Kale Grown in a Storage Container to be Donated to Charity ​


Carl Sams, Fresh Electric Farm
Carl Sams, UTIA distinguished professor of plant sciences, explains how ideal growing conditions for kale are being duplicated indoors using LED lights at the UT Institute of Agriculture fresh electric farm. The farm, which is located in a shipping container, is a cooperative effort between UTIA and energy and utility providers. Photo by D. Edlund, courtesy UTIA. Download image​​.


KNOXVILLE, Tenn. – Farmers don’t need sunshine to produce abundant food. Ideal growing conditions can be duplicated indoors, using lights. The University of Tennessee Institute of Agriculture is teaming with utility and energy agencies to research ways to grow nutritious crops inside a new facility – a so-called “fresh electric farm.” 

The fresh electric farm is a way to produce quality crops while reducing both carbon and acreage footprints. The “farm” is inside a large shipping container, and the first crop being studied is kale. The plants were started as seedlings and will be finished in tall columns under bright, purple LED lights. The purple hue comes from light energy that’s 80% red and 20% blue, broken down this way to aid photosynthesis. 

On October 10, UTIA leaders and representatives of the partnering organizations formally celebrated the opening of the facility, which has been three years in the planning. Located on the UTIA campus in Knoxville near a cluster of greenhouses, the container-based farm is a project being coordinated by Carl Sams, UTIA distinguished professor and plant physiologist, with support from the Tennessee Valley Authority, the Knoxville Utilities Board and the Electric Power Research Institute. These agencies specialize in the generation, use and conservation of energy, all key to successful indoor farming.

The project demonstrates the potential of crop management technologies and energy profiles in controlled environment production. The farming of the future will likely involve growing more food for more people on fewer acres and with reduced resources, and the fresh electric farm follows that model.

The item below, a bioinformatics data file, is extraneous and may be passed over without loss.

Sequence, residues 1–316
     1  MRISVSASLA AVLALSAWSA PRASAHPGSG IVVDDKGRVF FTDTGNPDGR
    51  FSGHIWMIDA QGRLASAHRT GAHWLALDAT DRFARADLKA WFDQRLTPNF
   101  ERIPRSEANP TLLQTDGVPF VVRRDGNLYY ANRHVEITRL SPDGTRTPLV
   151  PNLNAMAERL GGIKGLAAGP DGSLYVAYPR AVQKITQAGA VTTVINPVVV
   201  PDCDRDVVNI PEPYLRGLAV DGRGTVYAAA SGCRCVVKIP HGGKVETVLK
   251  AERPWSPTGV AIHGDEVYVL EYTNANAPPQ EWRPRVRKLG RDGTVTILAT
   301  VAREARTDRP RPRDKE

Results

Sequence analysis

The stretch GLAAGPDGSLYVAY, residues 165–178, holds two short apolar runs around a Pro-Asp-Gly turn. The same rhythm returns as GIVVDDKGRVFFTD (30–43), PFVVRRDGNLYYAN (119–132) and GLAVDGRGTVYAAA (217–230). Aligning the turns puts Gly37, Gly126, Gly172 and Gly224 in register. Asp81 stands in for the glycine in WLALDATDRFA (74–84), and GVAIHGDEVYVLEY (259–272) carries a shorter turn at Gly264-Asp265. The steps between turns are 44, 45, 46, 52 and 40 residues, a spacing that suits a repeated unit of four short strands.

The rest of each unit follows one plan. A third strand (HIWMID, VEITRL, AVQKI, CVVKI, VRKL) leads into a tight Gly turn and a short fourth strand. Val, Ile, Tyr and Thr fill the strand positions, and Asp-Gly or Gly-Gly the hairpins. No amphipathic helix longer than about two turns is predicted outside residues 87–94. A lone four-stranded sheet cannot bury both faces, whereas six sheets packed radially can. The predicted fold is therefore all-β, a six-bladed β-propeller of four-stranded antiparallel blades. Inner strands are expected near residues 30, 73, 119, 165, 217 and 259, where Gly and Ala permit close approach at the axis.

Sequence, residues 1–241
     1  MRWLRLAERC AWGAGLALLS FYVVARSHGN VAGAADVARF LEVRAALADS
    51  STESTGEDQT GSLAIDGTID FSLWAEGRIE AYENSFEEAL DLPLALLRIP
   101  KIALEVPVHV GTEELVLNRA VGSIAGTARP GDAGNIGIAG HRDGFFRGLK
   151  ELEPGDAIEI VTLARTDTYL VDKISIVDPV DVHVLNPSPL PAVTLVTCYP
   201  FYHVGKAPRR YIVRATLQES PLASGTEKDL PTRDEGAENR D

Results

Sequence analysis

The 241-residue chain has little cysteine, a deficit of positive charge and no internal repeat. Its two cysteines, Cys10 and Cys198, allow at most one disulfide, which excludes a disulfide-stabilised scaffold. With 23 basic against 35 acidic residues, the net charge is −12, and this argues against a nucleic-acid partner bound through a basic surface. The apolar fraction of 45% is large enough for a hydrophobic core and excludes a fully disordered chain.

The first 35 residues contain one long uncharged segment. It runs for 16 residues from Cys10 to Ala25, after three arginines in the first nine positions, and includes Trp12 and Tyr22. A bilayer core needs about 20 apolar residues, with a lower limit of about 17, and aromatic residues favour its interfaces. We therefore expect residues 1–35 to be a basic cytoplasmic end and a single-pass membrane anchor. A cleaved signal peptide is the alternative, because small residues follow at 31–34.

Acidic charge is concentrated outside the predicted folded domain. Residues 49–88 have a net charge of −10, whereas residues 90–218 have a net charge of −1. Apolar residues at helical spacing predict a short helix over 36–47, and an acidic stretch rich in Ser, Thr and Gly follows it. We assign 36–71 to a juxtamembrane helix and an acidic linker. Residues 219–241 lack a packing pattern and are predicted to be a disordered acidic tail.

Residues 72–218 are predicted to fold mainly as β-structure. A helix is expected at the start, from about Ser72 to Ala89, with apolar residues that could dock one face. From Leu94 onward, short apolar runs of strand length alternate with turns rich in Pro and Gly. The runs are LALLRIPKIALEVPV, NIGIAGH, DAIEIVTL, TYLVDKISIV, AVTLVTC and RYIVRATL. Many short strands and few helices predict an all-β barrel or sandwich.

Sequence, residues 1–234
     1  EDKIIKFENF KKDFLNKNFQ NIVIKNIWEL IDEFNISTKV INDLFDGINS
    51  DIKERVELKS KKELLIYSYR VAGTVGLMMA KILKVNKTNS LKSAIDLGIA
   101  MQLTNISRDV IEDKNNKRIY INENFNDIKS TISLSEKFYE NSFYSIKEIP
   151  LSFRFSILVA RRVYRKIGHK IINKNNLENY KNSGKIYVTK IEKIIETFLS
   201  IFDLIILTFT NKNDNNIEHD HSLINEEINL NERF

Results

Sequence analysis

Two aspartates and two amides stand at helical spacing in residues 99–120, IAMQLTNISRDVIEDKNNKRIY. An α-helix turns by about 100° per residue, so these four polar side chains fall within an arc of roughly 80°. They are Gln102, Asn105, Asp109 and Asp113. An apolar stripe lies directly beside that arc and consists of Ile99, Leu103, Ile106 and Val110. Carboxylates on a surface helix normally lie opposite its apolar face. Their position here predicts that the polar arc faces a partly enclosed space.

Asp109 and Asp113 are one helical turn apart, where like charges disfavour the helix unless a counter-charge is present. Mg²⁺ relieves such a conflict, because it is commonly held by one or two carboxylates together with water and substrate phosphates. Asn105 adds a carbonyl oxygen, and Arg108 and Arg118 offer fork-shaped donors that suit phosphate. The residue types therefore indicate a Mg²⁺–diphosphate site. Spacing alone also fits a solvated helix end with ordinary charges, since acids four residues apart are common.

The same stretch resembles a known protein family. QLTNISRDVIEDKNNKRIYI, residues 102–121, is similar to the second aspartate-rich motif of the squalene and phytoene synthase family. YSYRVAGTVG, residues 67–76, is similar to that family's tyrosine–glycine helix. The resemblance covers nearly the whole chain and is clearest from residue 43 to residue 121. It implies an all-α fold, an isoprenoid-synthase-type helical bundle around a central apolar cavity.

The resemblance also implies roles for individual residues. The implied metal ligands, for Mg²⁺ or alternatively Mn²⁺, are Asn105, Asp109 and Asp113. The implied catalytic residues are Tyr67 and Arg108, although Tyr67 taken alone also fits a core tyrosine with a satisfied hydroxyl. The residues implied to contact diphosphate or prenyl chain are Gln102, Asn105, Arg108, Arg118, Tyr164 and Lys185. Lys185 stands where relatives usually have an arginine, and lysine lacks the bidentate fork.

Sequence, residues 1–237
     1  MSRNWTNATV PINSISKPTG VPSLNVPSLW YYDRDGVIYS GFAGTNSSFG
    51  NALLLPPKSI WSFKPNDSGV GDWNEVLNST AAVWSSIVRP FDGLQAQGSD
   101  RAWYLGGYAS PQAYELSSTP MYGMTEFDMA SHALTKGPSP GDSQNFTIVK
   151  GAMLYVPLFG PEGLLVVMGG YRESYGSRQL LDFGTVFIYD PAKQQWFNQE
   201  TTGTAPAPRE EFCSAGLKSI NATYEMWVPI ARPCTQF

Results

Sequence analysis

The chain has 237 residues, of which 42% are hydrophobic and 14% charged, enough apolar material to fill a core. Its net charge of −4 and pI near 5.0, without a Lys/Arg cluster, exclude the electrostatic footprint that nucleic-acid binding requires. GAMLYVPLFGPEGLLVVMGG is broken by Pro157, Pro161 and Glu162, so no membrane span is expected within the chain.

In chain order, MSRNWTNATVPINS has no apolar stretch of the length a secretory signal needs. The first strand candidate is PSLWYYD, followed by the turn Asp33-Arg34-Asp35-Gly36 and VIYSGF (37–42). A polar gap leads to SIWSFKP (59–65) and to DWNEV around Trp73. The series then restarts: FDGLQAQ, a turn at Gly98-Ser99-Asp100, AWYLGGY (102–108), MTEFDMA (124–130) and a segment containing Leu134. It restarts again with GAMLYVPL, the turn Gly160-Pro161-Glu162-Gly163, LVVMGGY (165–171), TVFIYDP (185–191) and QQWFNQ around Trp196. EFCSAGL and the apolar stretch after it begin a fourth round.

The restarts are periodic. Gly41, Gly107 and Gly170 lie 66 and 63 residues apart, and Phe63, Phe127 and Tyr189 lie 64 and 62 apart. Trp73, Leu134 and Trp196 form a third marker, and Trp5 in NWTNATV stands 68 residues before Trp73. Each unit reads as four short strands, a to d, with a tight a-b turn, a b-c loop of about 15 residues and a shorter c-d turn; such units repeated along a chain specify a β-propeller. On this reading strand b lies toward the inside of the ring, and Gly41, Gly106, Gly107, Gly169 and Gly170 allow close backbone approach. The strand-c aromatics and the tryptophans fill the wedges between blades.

“We will be documenting the nutritional quality and the yield of the food that we produce in that facility,” says Sams. “The heat source for the plants will be the heat radiating off the lights and the other motors and pumps and so forth in the container, so there's no outside heating needed to grow the plants. We're sitting here growing kale in record-breaking heat (outdoors) because we're controlling the temperature, we're controlling the amount of light, and we're controlling what time of day the light comes on.” 

Sustainability researcher Morgan Scott with EPRI say this project perfectly fits their organization’s goal of producing food while reducing the strain on the environment or depleting our energy sources. “So indoor agriculture gives us that ability to try new ways to grow food, to produce vegetables and other types of crops,” Scott says. “The average head of lettuce travels 2,000 miles to get to the store shelf. That's not an insignificant carbon footprint, so if we can move that production locally, create local jobs, and have environmental benefits, that's a truly sustainable solution.”

The fresh electric farm will also be used by students in the UT Herbert College of Agriculture studying plant sciences as part of their academic training. 

When the kale being grown in the electric farm is harvested, it will be donated to Second Harvest Food Bank of East Tennessee.

Through its land-grant mission of research, teaching and extension, the University of Tennessee Institute of Agriculture touches lives and provides Real. Life. Solutions. ag.tennessee.edu​.

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Contact: 

Charles Denney, 865-382-8058, cmdenney@utk.edu


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